A Missionaries of Hope nun working with Cebu’s urban poor distinguishes between the “easy poor,” who comply with the criterion “for our assistance” and in general cooperate with those who want to help them and “the difficult poor,” who, in many cases, do not even dare to ask for help.
Among the latter are the mentally sick vagrants (especially the young women, who are made pregnant again and again by those who abuse the frailty of their minds) ; vagrant children/rugby boys, who have many organizations that deal with them in different ways with different levels of success; the elderly who belong to syndicates and are reduced to begging for their daily sustenance; the people/families who live on the sidewalk, which is normal for animals in the jungle but not for human beings who need to have shelter, food, clothing, education and work to function as a “normal” person; and people in prisons, “one of which I can say I begin to know well: the city jail with 2,000 men who have no resident doctor and who have a diet limited to P50 a day.
Many of these men are in prison for long periods of time without their cases being heard.
The good sister next argues for: a medical care for the poor, “who are denied treatment that is normal for you and me because they do not have the funds for it”; education of the children of the slums, as this “has always been the best way to get children out of the grips of poverty” though not in a “2nd or 3rd rate school” which “does not actually help them”; and spiritual care of the poorest. It is extremely hard to explain to the poorest that Christ cares for them through His Church when they meet in the established Church structure (the Parish) and find “indifference for the most part and bureaucratic gibberish for the rest.”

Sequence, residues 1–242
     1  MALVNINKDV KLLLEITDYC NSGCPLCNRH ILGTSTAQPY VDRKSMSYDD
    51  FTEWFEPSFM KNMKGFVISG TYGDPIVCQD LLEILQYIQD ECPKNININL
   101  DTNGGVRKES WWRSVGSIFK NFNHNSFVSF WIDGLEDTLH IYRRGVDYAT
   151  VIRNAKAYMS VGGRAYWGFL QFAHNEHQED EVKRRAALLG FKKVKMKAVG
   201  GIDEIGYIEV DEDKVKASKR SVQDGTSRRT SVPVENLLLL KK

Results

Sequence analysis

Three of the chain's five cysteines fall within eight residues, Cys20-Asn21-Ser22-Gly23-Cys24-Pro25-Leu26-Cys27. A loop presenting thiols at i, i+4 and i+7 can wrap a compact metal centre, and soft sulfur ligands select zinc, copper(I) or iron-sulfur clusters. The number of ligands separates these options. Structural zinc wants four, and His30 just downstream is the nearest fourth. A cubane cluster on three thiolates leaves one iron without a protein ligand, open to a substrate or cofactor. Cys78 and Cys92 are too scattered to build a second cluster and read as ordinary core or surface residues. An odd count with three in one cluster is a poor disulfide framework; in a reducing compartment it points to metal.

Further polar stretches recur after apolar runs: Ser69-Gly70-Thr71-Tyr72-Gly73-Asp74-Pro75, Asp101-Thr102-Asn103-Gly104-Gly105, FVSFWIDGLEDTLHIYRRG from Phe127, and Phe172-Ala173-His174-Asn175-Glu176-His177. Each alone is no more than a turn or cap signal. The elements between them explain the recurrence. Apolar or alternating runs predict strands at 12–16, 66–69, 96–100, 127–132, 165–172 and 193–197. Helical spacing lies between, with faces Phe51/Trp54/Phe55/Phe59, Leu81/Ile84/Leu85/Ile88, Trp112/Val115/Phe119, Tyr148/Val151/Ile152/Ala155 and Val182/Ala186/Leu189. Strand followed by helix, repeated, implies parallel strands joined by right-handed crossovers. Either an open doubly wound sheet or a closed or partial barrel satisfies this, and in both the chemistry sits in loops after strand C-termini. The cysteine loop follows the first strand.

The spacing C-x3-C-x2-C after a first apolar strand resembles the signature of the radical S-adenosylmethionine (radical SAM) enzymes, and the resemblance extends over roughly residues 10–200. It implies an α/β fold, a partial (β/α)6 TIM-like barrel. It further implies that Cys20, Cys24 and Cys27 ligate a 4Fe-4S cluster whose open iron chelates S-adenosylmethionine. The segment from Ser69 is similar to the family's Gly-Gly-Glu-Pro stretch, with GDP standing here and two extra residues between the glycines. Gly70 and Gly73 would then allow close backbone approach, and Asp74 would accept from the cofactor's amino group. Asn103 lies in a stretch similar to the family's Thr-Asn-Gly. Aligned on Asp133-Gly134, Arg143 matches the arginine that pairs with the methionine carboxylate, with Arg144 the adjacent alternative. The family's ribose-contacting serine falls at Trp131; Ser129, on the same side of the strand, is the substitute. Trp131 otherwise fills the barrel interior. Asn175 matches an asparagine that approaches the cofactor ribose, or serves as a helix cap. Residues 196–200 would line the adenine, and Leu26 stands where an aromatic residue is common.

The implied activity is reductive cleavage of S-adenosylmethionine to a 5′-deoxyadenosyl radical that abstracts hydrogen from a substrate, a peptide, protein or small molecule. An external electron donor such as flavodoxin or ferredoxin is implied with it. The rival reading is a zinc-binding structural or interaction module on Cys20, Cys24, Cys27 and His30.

She next suggests: 1) a Center for the Poor “under the Archbishop of Cebu (since one of his titles is Father of the Poor)” running two programs initially, namely, legal assistance and social outreach in prisons, hospitals, rehab centers, slums, etc; and 2) a Catholic hospital, “which will uphold the dignity of the poor and treat them…as their medical status requires” and not as their empty pockets allow.
Finally, the sister’s challenge: “The urban poor as you call them are everywhere in our streets…they will not come to the Church…it is us who must go to them…” The Church should exert “pressure on the local government to take up its responsibility to care for these people” and/or, “in the interim…recognize in these people the Face of Christ” and give them “concrete help…instead of just talking about it.”
If you like the challenge as I do endorse it to your church officials as I am doing right now.